"Intermediaries should be able to demonstrate that they have examined their corporate governance, internal procedures and individual senior management systems and controls to ensure that conflicts of interest are identified and appropriately managed," the paper states. "It is not sufficient to have informal management processes and controls to deal with potential conflicts of interest".

Firms need to be able to "demonstrate that the management of conflicts is a live and ongoing activity within the business and one that is championed by senior management and at board level". The guidance suggests making conflict management a standing agenda item at board meetings.

Clarification

Launching the paper on 1st April, Eric Galbraith, BIBA Chief Executive said he was delighted that the FSA had given the guidance formal approval.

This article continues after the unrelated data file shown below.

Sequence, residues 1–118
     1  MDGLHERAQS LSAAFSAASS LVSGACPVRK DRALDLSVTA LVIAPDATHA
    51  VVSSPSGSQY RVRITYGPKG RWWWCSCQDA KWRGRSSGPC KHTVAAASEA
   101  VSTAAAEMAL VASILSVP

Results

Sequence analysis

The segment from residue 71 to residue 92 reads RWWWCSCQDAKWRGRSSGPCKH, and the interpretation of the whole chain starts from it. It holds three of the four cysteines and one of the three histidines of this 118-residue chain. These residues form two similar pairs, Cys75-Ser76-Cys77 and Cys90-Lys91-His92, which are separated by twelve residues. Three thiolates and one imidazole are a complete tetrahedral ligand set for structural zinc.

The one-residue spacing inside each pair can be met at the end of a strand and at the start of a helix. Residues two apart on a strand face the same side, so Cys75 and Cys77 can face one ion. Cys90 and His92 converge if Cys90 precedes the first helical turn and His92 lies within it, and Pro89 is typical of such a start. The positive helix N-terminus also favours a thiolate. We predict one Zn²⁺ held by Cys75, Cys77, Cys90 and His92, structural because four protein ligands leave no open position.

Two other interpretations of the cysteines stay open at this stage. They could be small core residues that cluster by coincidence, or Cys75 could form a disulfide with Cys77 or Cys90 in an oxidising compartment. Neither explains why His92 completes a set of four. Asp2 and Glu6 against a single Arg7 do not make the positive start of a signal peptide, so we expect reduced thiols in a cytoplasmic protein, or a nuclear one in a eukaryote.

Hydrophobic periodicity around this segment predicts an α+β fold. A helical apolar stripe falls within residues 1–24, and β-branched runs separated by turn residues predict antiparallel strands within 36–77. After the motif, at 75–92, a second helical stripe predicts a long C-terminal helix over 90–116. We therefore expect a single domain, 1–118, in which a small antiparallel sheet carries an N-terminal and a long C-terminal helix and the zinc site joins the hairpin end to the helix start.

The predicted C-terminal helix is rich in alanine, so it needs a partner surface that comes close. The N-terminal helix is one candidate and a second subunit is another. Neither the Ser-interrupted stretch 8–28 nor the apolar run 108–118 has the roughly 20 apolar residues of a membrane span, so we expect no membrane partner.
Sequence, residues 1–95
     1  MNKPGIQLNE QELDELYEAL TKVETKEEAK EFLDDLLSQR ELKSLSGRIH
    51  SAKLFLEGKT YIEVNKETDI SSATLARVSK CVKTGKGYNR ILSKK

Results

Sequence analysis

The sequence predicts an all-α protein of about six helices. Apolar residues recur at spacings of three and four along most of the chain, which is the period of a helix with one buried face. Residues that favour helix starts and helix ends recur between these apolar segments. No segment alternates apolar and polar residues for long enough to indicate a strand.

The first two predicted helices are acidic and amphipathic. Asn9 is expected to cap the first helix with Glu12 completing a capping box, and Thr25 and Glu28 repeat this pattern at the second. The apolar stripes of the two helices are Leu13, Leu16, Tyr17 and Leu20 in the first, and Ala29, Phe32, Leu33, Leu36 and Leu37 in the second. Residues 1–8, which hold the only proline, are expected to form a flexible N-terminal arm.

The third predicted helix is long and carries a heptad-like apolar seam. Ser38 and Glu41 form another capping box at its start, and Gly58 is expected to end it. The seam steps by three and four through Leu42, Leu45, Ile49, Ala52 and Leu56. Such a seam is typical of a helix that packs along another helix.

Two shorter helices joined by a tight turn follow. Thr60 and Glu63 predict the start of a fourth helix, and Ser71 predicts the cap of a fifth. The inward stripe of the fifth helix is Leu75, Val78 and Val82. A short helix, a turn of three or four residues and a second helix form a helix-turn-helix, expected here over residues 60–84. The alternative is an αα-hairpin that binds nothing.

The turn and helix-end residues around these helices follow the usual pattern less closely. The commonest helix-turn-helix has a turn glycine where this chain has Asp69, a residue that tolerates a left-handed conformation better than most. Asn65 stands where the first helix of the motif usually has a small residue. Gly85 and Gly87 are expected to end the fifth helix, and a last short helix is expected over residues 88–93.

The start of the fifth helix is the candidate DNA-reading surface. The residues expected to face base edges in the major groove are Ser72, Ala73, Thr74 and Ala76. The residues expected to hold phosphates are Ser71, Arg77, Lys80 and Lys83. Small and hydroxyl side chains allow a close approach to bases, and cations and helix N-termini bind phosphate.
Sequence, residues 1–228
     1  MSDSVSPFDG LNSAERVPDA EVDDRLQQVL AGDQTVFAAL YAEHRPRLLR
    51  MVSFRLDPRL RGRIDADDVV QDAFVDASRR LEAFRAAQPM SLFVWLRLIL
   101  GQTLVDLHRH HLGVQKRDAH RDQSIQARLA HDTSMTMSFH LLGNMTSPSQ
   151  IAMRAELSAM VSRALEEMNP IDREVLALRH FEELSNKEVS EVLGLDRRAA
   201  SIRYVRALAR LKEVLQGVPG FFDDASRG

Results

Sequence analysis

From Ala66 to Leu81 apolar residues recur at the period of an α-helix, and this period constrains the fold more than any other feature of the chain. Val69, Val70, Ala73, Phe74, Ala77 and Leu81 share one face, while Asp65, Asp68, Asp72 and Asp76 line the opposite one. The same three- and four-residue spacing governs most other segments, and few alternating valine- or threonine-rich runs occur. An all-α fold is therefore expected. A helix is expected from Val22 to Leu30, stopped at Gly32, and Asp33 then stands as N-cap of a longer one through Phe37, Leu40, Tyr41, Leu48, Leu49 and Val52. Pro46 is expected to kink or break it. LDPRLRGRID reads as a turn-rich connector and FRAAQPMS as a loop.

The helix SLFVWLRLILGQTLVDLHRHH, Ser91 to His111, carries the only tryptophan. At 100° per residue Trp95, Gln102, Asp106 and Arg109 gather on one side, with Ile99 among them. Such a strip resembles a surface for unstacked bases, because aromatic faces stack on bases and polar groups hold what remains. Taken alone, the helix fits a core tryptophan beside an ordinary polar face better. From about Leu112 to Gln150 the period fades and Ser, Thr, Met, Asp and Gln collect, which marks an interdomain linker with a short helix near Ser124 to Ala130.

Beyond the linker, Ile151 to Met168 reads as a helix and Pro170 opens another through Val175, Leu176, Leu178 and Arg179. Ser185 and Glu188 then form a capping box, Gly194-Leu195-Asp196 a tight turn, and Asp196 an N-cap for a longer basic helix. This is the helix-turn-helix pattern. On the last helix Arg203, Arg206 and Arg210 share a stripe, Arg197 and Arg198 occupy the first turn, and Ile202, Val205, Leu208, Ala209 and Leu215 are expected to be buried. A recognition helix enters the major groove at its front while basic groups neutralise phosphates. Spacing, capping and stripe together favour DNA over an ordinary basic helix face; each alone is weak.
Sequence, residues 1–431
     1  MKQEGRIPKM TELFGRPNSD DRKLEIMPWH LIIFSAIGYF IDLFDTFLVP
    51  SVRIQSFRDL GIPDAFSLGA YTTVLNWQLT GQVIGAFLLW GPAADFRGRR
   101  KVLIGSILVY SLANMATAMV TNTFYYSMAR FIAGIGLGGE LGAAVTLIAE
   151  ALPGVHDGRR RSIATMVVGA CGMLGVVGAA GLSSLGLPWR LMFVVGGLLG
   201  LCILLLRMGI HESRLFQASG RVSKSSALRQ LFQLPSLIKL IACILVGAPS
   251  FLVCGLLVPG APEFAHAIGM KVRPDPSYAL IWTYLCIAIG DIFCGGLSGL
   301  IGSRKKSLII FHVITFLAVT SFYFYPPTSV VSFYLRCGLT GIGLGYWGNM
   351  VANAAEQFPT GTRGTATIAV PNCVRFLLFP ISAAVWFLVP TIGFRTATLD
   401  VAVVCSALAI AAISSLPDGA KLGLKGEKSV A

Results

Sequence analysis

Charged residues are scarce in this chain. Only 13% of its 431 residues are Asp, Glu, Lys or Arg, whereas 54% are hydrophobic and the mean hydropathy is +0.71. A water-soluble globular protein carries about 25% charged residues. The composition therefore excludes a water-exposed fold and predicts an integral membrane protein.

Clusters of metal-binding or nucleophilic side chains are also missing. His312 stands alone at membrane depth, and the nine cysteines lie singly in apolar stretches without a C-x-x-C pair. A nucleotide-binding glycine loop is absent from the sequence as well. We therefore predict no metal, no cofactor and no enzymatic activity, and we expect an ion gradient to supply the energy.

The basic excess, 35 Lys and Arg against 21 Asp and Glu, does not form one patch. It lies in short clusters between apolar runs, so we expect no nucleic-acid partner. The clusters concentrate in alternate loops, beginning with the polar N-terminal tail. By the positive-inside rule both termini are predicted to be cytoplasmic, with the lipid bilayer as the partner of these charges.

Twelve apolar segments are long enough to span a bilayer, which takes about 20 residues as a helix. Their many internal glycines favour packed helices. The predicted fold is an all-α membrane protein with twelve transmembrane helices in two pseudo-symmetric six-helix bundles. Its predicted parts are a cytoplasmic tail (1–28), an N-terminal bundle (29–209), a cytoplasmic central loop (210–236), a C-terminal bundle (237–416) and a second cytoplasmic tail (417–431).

"I hope now that intermediaries will take the industry guidance and make the appropriate adjustments to their processes and practices," he said. "Commercial customers should expect to receive disclosures that are clear and accurate and this industry guidance should play an important part in helping achieve this.”

The Association of Insurance and Risk Managers (AIRMIC), which represents the insurance buyers for about 75% of the FTSE 100, said the guidance provided "useful clarification" but noted that it stopped short of compulsory commission disclosure.

"Nevertheless, such disclosure will be mandatory whenever clients request it, and AIRMIC will be producing guidance for its members on how to request full disclosure and the detailed information that they should be seeking," it said in a statement.

"Perhaps a more critical issue relates to the capacity in which the intermediary is acting," said AIRMIC. "We believe that it is not possible for an intermediary to act as both an agent of the insurer and of the insured at different times during a transaction without risking significant potential conflicts of interest.

"Again, we shall be providing guidance for members to ensure that they can make appropriate decisions relating to their choice of intermediary from a fully informed position," it said.